By now I’ve established that – while I like to plan ahead, I clearly don’t have all the answers (about anything, if I’m honest with myself,) but retirement most of all. As a result, The Wife and I have spent the last few years pondering how we want to live our lives when we hit retirement age. Shockingly, that’s not very many years away.
We have seriously considered life as Expats in some sunny and/or exotic location where the cost of living is lower, the health care better and cheaper, and we have the resources to travel, do a lot of art, and eat well. Once we sorted for countries that;
- have good water and air quality
- are LGBT friendly with a good (recent) human rights record
- have health care which is superior to the US (not difficult)
- allow the legal use of cannabis for medical purposes
- allow you to bring home furnishings in without paying import taxes (on top of shipping)
- have a friendly expat community that isn’t too separate from the locals
- are proximate to some decent wine country
- will grant a 2-3 year retiree VISA without us having to spend 6 months steadily chipping away at a mountain of paperwork (or invest half a million dollars)
…it wasn’t a long list.
In the past six months we’ve done a great deal of research on the matter, narrowing down our interests to a couple of locations. There is a lot to consider. Language. Citizenship and VISAs. Costs of renting or buying a home. Requirements to bring pets in country. Timing and protocols to bring household goods oversea. Attitudes of the expat community. The local culture. Can I buy peanut butter, the right cat litter and good mayonnaise locally or must they be imported? The kind of trade-offs you must make to live in another country are not minor. If you’re not able to embrace a new culture, you may want to save yourself some money and grief.
Ultimately the sheer volume of paperwork and hassles necessary to relocate ourselves, our three pets, and our collection of art glass made us step back from that plan. Better to stay in the US, and travel regularly abroad. Sometimes, there really is no place like home. In our case, Northern California. The longer we live here, the more reluctant we are to leave.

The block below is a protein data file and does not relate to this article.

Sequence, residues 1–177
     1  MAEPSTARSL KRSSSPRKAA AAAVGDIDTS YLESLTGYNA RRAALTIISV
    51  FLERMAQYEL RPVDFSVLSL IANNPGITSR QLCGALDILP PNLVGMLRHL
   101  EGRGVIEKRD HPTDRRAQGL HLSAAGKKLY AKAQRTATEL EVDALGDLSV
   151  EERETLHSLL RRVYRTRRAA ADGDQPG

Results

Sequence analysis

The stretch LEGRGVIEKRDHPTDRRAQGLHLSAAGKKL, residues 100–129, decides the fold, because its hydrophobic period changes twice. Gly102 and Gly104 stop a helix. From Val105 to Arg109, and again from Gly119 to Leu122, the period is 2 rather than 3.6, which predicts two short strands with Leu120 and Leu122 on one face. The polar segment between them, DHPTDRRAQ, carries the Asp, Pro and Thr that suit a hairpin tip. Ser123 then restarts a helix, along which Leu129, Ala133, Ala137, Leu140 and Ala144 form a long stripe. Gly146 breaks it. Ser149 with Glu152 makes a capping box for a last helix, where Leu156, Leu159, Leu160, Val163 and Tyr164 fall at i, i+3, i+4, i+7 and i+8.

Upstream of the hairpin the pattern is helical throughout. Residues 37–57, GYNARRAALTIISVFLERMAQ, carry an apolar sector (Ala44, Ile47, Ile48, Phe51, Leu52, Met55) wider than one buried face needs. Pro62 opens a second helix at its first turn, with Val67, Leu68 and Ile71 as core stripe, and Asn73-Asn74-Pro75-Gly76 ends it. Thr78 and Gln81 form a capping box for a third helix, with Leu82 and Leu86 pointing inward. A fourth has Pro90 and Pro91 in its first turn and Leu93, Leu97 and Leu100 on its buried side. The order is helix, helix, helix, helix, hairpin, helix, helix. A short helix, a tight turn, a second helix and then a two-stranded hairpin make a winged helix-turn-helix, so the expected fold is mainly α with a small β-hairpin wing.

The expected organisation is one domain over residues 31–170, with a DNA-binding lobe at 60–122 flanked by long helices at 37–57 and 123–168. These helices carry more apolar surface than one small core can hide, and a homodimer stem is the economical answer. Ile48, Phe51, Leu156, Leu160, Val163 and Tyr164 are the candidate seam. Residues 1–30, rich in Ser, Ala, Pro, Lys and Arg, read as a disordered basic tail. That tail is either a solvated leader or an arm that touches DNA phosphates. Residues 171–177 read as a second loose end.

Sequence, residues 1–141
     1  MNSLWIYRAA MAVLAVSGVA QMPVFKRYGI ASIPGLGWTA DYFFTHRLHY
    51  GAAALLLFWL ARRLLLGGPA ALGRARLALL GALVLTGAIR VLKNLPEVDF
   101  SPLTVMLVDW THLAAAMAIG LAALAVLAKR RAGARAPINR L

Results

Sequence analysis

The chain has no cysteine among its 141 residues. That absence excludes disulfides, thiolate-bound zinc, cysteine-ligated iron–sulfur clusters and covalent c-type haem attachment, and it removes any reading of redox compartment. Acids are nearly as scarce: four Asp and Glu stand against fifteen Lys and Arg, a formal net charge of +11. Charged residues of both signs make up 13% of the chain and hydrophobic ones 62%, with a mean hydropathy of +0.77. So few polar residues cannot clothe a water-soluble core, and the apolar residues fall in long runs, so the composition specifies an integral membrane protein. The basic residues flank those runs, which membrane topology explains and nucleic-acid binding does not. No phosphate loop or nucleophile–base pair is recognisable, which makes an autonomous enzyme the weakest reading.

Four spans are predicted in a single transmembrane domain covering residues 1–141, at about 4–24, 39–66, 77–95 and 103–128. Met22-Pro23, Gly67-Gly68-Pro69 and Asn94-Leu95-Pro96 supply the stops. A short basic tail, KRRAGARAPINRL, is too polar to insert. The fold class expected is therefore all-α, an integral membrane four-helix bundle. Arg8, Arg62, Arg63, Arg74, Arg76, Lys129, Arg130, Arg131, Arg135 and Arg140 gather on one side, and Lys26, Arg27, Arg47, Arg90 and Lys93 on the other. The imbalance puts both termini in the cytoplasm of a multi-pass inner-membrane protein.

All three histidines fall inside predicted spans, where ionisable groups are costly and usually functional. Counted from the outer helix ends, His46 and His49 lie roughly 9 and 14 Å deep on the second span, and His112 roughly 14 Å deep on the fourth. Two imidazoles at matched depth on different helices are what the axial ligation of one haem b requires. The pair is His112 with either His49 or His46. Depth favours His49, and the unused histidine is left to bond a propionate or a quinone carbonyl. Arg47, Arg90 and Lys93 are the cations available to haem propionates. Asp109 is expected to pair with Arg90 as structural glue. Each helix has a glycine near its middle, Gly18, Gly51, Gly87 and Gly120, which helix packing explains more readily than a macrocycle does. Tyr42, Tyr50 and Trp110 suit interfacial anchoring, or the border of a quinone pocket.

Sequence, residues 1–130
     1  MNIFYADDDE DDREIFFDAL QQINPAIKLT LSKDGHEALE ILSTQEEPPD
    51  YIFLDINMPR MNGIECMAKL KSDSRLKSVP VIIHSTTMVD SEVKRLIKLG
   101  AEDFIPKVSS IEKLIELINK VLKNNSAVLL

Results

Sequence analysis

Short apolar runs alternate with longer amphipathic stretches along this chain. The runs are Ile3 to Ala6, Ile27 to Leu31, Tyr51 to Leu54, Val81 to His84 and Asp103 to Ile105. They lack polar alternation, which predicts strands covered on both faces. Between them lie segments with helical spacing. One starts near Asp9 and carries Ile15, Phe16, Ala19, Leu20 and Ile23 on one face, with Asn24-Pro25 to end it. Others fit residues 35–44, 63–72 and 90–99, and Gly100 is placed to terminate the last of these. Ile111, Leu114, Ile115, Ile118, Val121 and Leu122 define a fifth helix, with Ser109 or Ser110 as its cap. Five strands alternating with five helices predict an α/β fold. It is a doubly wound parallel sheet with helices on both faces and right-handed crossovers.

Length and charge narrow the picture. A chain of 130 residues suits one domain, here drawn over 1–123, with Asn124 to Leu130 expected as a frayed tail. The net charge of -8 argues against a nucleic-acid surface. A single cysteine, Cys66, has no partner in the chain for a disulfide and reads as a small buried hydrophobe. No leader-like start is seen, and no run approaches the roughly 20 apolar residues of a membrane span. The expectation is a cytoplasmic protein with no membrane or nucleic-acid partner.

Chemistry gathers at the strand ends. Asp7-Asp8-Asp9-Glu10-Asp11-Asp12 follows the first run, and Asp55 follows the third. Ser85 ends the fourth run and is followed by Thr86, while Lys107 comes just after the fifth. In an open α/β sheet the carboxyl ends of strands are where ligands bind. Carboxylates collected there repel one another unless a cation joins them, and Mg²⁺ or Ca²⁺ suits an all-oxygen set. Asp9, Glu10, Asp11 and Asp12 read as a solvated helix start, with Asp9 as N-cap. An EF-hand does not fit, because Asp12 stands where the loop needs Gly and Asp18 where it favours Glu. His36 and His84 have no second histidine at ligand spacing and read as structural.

I would still love to spend a decade working abroad for some Global or Transnational organization, moving from location to location. The Wife is game too. It’s not completely off the table. But retirement abroad seems unlikely.
We don’t have a final plan in place yet, which is why my first recommendation on retirement planning is to start early. Don’t wait until you’re 64 to think about what retirement might look like. In fact, the earlier you start planning, the better. Work with a retirement planner to determine how much you need to save in order to retire according to your ideal scenario. This helps motivate you to grow your career, grow your income, and reduce your spending. The ideal scenario may change, but it’s highly unlikely you will regret having “too much money” in your retirement account.
Blah blah blah. More retirement pondering. I’m not sure if this is helpful to anyone else, but it certainly helps me get clearer about what I want from my future.